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From Chris Hostetter <hossman_luc...@fucit.org>
Subject Re: Update with non UTF-8 characters
Date Wed, 01 Oct 2014 23:59:24 GMT

: I am indexing Solr 4.9.0 using the /update request handler and am getting
: errors from Tika - Illegal IOException from
: org.apache.tika.parser.xml.DcXMLParser@74ce3bea which is caused by
: MalFormedByteSequenceException: Invalid byte 1 of 1-byte UTF-8 sequence. I

FWIW: that error appears to have come from /update/extract .. hard to be 
sure w/o full stack trace from the logs ... but i'll assume that's 
just a copy/paste mistake from the second test you mentioned trying, 
and assume your assessment is correct...

: believe that this is the result of attempting to pass information to Solr
: via CURL as XML in which the data has non UTF characters such as Smart
: Quotes (the irony of that name is amazing). So when I:

...and focus on the example command you mentioned...

: curl http://10.0.0.10/solr/pp/update?commit=true -H "Content-Type: text/xml"
: --data-binary "<add><doc><field name=\"id\">123456</field><field
: name=\"observation\">This is some text that was passed from the .NET
: application to Solr for indexing. Users typically write in Word then copy
: and paste into the .NET application UI which then passes everything to Solr
: for indexing. If there are "smart quotes" it crashes, but "regular quotes"
: are fine.</field></doc></add>"

if you tell solr you are sending it XML, then you have to send it valid 
XML.  if you don't specify a charset -- either in the Content-Type, or in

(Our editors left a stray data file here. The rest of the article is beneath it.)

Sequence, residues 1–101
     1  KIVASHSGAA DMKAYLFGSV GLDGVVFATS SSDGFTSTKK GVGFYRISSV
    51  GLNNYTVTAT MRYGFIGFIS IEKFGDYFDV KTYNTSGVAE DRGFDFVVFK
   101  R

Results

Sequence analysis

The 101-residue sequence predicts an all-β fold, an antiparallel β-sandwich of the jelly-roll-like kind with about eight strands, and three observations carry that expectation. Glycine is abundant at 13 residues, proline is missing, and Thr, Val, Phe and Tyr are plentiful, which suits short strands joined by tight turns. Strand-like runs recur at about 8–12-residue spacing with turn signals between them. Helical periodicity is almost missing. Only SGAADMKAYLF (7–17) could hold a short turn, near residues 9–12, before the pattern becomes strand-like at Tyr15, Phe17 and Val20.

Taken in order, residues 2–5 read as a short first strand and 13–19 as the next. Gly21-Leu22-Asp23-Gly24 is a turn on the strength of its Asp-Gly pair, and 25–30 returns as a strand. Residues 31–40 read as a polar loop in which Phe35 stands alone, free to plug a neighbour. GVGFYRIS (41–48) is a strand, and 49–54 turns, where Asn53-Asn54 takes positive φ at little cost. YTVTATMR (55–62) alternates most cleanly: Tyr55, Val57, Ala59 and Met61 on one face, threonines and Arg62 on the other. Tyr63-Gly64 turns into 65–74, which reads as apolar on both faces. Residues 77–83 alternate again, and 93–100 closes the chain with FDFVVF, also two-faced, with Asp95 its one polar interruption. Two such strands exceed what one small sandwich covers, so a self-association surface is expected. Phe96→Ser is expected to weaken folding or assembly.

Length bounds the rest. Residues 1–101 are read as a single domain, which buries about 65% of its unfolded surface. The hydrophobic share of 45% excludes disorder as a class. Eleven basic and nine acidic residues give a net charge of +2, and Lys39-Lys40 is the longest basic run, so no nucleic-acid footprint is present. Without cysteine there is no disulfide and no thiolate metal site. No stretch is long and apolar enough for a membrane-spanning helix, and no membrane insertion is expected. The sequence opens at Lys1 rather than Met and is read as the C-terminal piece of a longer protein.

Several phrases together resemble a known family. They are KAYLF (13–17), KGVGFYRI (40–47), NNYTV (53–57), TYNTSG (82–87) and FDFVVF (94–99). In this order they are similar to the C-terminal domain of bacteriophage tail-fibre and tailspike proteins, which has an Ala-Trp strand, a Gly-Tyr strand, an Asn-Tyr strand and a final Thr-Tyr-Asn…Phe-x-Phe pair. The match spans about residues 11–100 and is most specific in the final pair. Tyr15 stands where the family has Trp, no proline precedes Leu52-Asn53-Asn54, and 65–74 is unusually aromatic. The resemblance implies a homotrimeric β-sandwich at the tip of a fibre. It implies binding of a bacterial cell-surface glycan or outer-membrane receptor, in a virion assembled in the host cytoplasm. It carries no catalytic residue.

an XML prolog declaration -- then the XML spec says UTF-8 must be assumed.  
if the bytes in your doc aren't UTF-8, it's not a valid XML file, etc....

if you actually know what charset you are sending, then you can specify it 
-- and as long as your JVM implementation understands it, it should work.

you can't however just read some raw bytes from somewhere, slap some 
xml-ish lookin strings in front & behind, and hope you have valid xml.

if you use a good XML serialization library in your .Net application to 
generate the messages you send to Solr, then the serialization library 
should help mitigate this probem -- either by specifying the correct 
encoding in the xml prolog it generates for you in it's output, or by 
converting the input "strings" to utf-8, or by giving you a good error 
if/when you ask it to serialize characters that can't be serialized in XML 
(there are some, like null bytes and control sequence).




-Hoss
http://www.lucidworks.com/

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